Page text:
Spring Budget 2017: AAT’s 3 key recommendations

aat comment

Dear Chancellor

AAT’s recommendations relate to the apprenticeship levy and apprenticeships in general, simplifying the current ISA savings regime and Making Tax Digital. These proposals will help boost productivity, encourage saving and save the taxpayer money and unlike many of the proposals you will have received from other organisations, AAT’s recommendations are largely revenue neutral.

Recommendation 1: Simplify ISA savings

In keeping with AAT’s ultimate objective of delivering a more simplified tax system, the current ISA regime requires attention because there is now an ISA for almost every day of the week, offering unnecessary complexity, bureaucracy and confusion for consumers.

The Government web site states “There are 3 types of ISA” referring to cash ISAs, stocks and shares ISAs and innovative finance ISAs whilst saying nothing of Junior Individual Savings Accounts, Help to Buy ISAs or the new Lifetime ISA.

Some have age limits, some do not, three have a maximum savings limit of £15,240 per annum, one has a £4,080 limit, another £4,000 and Help to Buy ISAs offer a £50 bonus for every £200 you save and offer a bonus of up to £3,000. In short the introduction of more and more ISAs is becoming increasingly confusing and should be stopped.

Some commentators have argued that the new personal savings allowance (PSA) has largely rendered ISAs obsolete and they should be scrapped entirely. This is because the PSA means every basic-rate taxpayer can earn £1,000 interest without paying tax on it (£500 for higher rate taxpayers) – equivalent to the interest on £100,000 in the best easy-access savings account. The PSA removes 95% of savers from paying tax on interest. AAT does not subscribe to this approach as it ignores the possibility of higher interest rates in the future; that the top paying interest accounts often require money to be locked away with no access whereas ISAs do not; and that spouses can inherit their deceased partner’s ISA allowance unlike personal allowances which cannot be passed on.

Instead AAT believes it would be far better to have one or two simple ISAs which merge the most important benefits and discard any unnecessary complexity.

ISA standardisation would make both their availability and features more widely understood and ultimately more effective in encouraging saving. This would also have the advantage of being more easily administered.

Recommendation 2: Making Tax Digital

AAT wholeheartedly supports the ambition to make our tax system the most digitally advanced tax administration in the world, but remains concerned about the timetable for implementation and the costs MTD may place on both SMEs (60% of AAT members are employed by an SME) and taxpayers more generally.

You will know from the Treasury Select Committee report published last weekend that AAT is far from alone in having such concerns.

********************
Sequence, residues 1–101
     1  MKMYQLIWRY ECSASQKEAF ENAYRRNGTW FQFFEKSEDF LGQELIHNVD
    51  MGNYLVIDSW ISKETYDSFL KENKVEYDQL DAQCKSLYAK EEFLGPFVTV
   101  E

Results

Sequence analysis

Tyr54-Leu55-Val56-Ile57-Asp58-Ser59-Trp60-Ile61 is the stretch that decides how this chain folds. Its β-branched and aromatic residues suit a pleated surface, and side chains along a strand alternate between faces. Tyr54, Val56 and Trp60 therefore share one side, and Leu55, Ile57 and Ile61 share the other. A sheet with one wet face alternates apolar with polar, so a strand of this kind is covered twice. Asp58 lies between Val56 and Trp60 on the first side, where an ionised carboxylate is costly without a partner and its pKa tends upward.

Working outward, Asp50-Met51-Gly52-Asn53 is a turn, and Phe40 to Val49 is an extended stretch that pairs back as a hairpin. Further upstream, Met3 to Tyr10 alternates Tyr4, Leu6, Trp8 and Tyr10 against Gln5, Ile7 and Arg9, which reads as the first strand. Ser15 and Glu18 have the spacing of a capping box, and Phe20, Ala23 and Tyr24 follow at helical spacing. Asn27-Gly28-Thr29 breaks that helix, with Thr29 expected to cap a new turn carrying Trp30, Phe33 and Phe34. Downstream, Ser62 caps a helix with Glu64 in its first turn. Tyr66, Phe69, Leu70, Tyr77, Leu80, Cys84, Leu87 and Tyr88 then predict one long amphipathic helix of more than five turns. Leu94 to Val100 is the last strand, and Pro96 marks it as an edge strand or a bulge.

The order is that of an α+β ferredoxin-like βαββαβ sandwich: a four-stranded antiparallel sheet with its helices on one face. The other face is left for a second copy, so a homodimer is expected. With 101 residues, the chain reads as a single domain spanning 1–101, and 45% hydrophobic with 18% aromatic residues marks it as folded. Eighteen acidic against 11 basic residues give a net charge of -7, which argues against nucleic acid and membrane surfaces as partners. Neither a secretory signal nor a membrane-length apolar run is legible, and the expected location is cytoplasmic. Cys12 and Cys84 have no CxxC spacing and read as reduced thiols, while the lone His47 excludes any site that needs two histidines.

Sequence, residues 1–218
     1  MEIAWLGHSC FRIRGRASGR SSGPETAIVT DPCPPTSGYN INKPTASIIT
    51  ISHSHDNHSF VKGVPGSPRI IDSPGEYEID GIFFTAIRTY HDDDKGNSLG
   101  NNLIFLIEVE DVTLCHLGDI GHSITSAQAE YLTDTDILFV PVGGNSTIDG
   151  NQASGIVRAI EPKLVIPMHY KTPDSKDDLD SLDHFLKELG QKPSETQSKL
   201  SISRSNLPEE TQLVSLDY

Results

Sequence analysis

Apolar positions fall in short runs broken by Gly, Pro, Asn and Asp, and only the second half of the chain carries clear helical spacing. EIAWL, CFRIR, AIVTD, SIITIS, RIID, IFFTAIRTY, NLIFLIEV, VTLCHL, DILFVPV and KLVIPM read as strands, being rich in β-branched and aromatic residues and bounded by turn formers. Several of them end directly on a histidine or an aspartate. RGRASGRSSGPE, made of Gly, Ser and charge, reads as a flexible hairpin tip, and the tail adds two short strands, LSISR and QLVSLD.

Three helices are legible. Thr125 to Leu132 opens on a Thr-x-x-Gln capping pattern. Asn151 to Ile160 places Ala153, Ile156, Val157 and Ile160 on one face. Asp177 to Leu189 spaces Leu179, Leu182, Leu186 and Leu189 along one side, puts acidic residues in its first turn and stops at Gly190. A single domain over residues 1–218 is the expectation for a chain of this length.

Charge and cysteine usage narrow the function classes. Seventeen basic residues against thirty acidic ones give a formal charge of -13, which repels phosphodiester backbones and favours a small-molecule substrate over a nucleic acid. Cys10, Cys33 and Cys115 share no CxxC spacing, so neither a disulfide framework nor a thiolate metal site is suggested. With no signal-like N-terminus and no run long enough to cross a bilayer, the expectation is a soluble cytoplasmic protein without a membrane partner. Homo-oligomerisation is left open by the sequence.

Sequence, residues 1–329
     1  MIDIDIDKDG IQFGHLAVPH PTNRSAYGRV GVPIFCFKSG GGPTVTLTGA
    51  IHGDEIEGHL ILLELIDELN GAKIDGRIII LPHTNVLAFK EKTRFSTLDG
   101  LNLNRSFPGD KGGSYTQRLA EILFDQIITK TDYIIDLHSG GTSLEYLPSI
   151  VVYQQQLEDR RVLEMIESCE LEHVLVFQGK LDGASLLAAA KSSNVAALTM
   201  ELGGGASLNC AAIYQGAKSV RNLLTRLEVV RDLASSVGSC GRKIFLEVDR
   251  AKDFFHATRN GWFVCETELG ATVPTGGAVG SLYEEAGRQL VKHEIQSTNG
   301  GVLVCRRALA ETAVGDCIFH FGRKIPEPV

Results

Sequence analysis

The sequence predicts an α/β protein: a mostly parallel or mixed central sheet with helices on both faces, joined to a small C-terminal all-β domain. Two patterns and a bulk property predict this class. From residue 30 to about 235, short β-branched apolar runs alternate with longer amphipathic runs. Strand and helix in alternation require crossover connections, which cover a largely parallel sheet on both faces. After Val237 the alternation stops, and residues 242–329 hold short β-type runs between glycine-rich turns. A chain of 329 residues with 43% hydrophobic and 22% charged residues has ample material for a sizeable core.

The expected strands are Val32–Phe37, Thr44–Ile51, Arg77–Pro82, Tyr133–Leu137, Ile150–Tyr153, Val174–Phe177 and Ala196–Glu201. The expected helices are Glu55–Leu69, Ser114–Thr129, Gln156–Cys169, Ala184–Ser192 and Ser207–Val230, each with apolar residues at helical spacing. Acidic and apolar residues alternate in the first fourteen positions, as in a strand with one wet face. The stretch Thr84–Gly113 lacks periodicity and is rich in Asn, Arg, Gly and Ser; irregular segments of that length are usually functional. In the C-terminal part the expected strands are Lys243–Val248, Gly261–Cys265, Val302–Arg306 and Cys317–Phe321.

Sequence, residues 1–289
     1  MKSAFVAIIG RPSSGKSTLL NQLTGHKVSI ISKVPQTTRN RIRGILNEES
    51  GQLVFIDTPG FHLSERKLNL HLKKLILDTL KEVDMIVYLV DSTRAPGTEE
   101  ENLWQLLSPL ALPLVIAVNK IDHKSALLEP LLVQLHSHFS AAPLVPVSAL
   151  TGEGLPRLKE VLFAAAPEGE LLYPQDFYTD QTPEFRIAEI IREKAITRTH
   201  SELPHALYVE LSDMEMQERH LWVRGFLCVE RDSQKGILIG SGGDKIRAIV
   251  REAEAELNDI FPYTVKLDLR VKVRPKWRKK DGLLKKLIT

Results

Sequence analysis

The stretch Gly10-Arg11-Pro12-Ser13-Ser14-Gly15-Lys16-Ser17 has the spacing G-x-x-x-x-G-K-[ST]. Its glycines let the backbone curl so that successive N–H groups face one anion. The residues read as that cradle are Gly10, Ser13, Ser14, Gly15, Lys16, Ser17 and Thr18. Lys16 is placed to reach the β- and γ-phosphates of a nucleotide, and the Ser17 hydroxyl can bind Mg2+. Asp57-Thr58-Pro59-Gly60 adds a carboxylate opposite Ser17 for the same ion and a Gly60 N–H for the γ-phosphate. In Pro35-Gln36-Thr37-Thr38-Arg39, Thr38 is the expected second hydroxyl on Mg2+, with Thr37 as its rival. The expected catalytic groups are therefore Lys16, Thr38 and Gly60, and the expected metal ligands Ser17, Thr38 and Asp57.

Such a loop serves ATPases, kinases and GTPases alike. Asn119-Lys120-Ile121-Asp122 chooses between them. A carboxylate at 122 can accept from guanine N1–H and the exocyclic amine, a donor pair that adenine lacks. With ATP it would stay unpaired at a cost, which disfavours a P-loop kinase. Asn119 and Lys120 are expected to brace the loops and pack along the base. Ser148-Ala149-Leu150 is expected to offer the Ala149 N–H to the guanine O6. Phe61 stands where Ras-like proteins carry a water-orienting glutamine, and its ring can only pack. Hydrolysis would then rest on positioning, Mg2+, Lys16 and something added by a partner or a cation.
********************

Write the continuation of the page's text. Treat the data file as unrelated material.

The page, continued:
The Select Committee report highlighted that, “…the total cost to business (including software, hardware, training, agent fees and, above all, time) might exceed the total benefits in improved tax yield.”

The amount of time small businesses are spending on dealing with tax issues is already too great and any increase would be far from welcome. Last month an AAT study found that 78% of MPs think that the time SMEs spend dealing with tax issues seriously impacts upon their ability to invest and create jobs.

Numerous concerns have been raised around timescales and the threshold for exemptions. The Select Committee described the £10,000 threshold as “palpably absurd” and the timescale for implementation as, “…too short a lead time for such fundamental change.” AAT has proposed a solution, referenced on page 12 of the Select Committee report, which would help deal with both of these issues.

AAT suggests that the qualifying threshold for MTD should be set at £83,000 (the current VAT threshold) falling to £11,000 (the personal allowance) over a three year period. This will assist SMEs whilst simultaneously helping HMRC achieve the best possible policy outcome. Revenue implications are minimal and yet the phased process of implementation would significantly increase the effectiveness and value for money of the programme.

Recommendation 3: Promote skills

Approximately twenty percent of AAT’s 80,000 student base are apprentices.  AAT welcomes the Government’s commitment to 3 million apprenticeship starts by 2020, if supported by a focus on timely completions and overall quality.

However, the UK’s skills needs extend well beyond the scope of apprenticeships and it is important to ensure the introduction of the new levy in April 2017 ultimately recognises the varying requirements of different sectors and is aligned with industrial strategy.

In time, AAT would therefore like to see the Apprenticeship Levy renamed as the Skills Levy and for levy monies to be able to be spent on high quality traineeships and other forms of training that will benefit individuals, employers and the economy as a whole.

Last month AAT surveyed MPs across all parties on this issue and found that 65% support our suggestion that the levy should be developed to allow funding for skills other than apprenticeships.

Increasing the flexibility of the levy would foster improved productivity across the whole workforce, deliver greater value for money and yet have no significant revenue implications for the Exchequer.

Please do not hesitate to contact me should you have any queries or require any further information about the above.

Yours sincerely,

Mark Farrar

Chief Executive, AAT

*This letter has been edited for online publication.  

Mark Farrar is the Chief Executive of AAT.

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